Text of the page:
The unsuspecting animals enter the hall, where their legs are tied. The animal is pushed over, its throat slit, its blood left to collect on the marble floor. The body, from head to hoof, is then divvied up and sold to other Qureshis for distribution. Deonar’s deputy general manager said that before the ban, 80 percent of animals slaughtered were bulls, an average of 450 a day. The rest were buffalo. While Deonar’s Qureshis struggle to enter the buffalo meat business, which until now has mainly been controlled by large, export-oriented companies, many have slipped into a precarious existence.
Qadar, whose job was to slit the animals’ throats, took a loan that had predatory interest rates. With nothing else to his name, he gave the papers of his home as collateral. Sharif, who is 29 and has worked at Deonar since he was 12, now drives an auto-rickshaw without a license; he has been able to make only enough to send two of his four children to school since work at the slaughterhouse slowed. Ramzan, a butcher, still works at a small shop, but he is the only employee left. “We were selling 250 kilos of meat a day,” said Ramzan, who predicts the shop will have to close by year’s end. “Now that it’s only buffalo, it’s down to 40. People think beef is better because bulls work hard in the fields and develop better meat.”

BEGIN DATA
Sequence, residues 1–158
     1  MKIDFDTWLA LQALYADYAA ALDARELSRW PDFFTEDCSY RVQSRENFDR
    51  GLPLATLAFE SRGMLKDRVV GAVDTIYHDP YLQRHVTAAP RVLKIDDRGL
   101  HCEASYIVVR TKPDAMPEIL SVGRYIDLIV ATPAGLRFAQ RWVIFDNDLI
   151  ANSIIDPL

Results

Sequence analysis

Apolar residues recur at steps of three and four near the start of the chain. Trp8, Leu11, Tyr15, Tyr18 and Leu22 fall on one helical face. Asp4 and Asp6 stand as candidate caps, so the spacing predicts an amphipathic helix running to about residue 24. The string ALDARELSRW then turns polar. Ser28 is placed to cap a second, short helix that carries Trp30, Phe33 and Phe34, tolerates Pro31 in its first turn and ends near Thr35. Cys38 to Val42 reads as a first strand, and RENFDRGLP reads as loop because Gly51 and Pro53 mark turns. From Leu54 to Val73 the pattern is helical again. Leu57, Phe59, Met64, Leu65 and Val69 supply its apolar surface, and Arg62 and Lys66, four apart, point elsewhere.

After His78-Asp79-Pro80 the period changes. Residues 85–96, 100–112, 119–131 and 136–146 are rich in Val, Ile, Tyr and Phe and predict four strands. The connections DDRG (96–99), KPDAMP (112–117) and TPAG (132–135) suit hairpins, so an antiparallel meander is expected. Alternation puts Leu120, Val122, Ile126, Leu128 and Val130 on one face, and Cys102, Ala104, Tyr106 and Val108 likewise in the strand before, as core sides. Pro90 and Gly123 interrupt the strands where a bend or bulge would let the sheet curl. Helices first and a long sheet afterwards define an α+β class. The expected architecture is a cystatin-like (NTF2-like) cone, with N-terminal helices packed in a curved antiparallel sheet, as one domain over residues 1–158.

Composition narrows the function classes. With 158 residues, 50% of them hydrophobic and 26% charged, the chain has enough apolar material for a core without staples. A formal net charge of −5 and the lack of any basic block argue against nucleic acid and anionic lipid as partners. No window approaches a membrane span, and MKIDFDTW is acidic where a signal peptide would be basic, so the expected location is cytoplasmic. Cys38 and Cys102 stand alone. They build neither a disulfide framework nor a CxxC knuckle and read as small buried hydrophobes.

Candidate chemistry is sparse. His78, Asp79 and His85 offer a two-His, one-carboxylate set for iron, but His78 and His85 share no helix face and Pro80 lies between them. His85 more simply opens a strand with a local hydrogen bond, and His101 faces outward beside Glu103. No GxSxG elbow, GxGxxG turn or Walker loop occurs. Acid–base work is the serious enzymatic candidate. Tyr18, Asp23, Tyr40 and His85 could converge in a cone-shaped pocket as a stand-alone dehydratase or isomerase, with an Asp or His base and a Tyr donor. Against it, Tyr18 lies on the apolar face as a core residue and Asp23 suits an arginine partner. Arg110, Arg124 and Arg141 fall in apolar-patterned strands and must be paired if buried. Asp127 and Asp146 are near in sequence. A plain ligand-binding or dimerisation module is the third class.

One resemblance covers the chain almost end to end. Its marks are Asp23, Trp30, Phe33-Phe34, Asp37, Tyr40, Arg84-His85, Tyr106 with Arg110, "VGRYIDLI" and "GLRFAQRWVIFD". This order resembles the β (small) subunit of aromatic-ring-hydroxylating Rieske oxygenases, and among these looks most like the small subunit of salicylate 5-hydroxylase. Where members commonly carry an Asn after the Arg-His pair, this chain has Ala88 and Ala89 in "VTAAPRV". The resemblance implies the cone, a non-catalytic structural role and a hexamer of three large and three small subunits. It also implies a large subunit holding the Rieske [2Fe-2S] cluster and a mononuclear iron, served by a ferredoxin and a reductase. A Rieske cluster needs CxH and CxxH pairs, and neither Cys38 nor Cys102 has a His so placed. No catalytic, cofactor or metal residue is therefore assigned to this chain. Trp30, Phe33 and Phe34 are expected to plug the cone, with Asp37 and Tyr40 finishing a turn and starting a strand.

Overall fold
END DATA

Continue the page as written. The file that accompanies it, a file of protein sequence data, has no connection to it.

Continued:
Mohammed Ali Qureshi, the head of the Bombay Suburban Beef Dealers Association, said he had no solution for those who are now living hand-to-mouth. “This is work we have done for centuries,” he said. “We are experts in this. We don’t know how to do anything else.”
‘This Is a Hindu Nation’
The shelves of Vyankatesh Abdeo’s office are lined with 48 potions, pastes and powders, all made from cow dung, cow urine or a blend of the two. One collection of large bottles is filled with bright yellow liquid and bears the label “Fresh urine (purifies and rectifies the body).” Tins of “dung pack,” with instructions to apply on the face and body while bathing, fill an adjacent cabinet.